Kenneth Bohannon, whose parents and grand parents were faithful members here, entered the ministry at an early age and is now a Methodist minister.

Robert Collins, son of Luther and Ella Collins, long time members at Wesley Chapel, is now a Free Will Baptist minister.

Jimmy Hankins attended church here as a child and is now a Baptist minister, his grand parents Mr. & Ms. Joe Frank Collins were life time members at Wesley Chapel.

The building we worship in now , is the third building that we know about, and we can not be sure there wasn’t another in the long ago , the present building was built in the nineteen forties, under the leadership of M.O. Bridges.

This Wesley Chapel Church is located in Fayette county Alabama, in the SW 1/4 of NW 1/4, section 7, Township 16 S, Range 13 West, about two miles northeast of Belk, Alabama. ( There is another Wesley Chapel Methodist Church in Fayette county, it is in the extreme southwest corner of the county, and is on the Kennedy-Unity Grove charge).

Wesley Chapel has about thirty active members, with several others living away who love and support this church.

At first after getting re-organized in August 1983, there was just one service each month, then two, and now there are services each Sunday morning at nine o’clock, followed by Sunday School.

The building has been painted, carpet installed, water pumped to the door, and plans under way to build a fellowship hall, Sunday school rooms and rest rooms. Praise God !!!

To Brother Herb Williamson, his co-workers and to each one that helped in any small all way, we will always be grateful to you.

We thank God for lending Brother Herb to us for awhile, may he always keep him safe in the hallow of his hand, and continue( to bless him and his good wife.

Dear friends the battle has just begun, we must not give up the fight, each victory will help us another to win and we must continue to work and pray, if we really want Wesley Chapel to remain an active church.

So we proclaim !!! To God Be The Glory, Great Things He Hath Done.

Blessed be the name of the Lord !!!






Local Church History

From a Church Publication

Copied by Gladys Gilreath Brown 1984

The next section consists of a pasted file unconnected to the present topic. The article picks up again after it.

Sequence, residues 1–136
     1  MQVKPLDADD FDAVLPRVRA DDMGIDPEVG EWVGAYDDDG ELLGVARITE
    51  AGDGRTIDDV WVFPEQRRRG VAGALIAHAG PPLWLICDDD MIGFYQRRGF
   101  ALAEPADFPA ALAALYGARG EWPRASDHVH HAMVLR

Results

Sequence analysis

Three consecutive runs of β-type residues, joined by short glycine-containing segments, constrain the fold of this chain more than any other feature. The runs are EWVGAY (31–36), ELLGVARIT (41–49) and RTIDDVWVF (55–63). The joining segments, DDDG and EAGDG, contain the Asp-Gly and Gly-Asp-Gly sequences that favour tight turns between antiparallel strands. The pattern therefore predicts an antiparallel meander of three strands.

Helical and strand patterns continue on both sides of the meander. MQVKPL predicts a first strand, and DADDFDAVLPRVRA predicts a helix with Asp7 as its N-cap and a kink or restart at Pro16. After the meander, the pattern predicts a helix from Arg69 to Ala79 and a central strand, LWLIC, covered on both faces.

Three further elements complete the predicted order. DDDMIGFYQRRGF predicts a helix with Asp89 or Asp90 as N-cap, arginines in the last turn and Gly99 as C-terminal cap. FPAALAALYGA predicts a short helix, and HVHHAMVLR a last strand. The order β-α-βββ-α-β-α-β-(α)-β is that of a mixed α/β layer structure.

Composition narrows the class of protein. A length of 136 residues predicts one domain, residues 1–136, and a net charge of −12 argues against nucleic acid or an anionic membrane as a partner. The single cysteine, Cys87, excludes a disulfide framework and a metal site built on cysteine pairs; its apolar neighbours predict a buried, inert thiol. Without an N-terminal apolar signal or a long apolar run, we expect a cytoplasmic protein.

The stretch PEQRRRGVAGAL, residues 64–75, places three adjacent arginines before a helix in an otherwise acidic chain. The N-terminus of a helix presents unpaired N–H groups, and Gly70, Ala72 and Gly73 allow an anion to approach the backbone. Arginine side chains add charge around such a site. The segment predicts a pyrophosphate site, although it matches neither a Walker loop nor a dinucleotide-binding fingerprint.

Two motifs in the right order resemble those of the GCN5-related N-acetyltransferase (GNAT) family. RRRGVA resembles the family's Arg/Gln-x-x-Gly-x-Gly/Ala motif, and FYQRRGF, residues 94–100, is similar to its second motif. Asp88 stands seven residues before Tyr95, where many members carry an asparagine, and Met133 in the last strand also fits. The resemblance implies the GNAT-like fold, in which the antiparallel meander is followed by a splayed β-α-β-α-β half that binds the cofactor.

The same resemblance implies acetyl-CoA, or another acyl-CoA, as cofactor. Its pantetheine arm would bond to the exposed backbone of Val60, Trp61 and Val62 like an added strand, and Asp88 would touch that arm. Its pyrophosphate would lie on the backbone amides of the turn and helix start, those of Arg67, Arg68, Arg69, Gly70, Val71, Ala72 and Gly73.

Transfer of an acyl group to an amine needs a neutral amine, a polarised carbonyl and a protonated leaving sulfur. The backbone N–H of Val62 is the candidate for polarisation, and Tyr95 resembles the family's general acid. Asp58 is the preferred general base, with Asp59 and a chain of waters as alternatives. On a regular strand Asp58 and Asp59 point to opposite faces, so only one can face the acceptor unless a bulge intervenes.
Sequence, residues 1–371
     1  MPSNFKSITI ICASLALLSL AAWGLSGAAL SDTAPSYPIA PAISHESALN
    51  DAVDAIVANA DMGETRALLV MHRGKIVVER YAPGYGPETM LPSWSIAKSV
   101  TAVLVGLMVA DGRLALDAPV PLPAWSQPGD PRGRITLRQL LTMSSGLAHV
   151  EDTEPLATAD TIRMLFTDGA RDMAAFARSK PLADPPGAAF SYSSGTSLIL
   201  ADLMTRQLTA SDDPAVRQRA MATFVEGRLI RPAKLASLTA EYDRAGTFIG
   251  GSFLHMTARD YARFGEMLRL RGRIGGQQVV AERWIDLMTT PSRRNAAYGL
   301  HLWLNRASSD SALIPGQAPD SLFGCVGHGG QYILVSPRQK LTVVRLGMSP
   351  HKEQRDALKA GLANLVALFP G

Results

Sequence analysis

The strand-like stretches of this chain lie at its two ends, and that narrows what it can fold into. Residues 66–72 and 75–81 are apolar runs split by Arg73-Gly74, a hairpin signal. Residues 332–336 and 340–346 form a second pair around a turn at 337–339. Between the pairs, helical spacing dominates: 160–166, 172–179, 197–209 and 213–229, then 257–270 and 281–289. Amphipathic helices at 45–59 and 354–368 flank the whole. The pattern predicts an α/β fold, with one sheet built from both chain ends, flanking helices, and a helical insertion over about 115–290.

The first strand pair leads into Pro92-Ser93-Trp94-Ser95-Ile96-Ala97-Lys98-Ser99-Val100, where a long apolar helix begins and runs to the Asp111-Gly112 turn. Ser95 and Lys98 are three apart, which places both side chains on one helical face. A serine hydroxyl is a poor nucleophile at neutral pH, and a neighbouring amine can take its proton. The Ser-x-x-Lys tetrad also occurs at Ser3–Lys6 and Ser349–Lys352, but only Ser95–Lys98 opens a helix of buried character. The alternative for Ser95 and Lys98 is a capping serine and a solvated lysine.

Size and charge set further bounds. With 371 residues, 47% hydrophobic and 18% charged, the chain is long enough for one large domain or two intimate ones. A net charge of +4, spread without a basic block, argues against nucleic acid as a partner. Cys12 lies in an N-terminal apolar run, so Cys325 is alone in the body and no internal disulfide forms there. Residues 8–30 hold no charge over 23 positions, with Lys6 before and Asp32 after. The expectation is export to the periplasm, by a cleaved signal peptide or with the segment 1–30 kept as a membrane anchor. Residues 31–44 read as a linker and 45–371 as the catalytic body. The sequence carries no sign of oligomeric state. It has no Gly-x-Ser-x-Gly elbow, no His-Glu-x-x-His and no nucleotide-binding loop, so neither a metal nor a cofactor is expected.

We have recently had some experience in hunting up the history of certain local churches. What is true of them is no doubt true of many, if not most other churches, the history of their organization and of their early years is fast being lost.

It can be found now only in the somewhat uncertain memories of some of the old members of the church or community, or in brief and often confusing records kept first by one person then another.

There is nowhere to be found a systematic and correct record of the organization and work of many of our churches, from year to year, such as could be made the basis of future history.

This state of things should not be permitted to continue. The history of the past is a matter of too much importance to be thus neglected, and we shall regret some day that we have note made more effort to preserve it in some systematic form.

What we want, therefore, is for some one to take it upon himself (or let him be appointed by the proper authorities) to gather up the facts and put them in proper form for future reference.

The fact is, if we wait a little longer, until a few more of the old members of the church have passed away, and the few stray records or other sources of information have been lost or destroyed, it will be almost impossible, if not entirely so, to learn anything about the early organization and history of many our churches and associated institutions.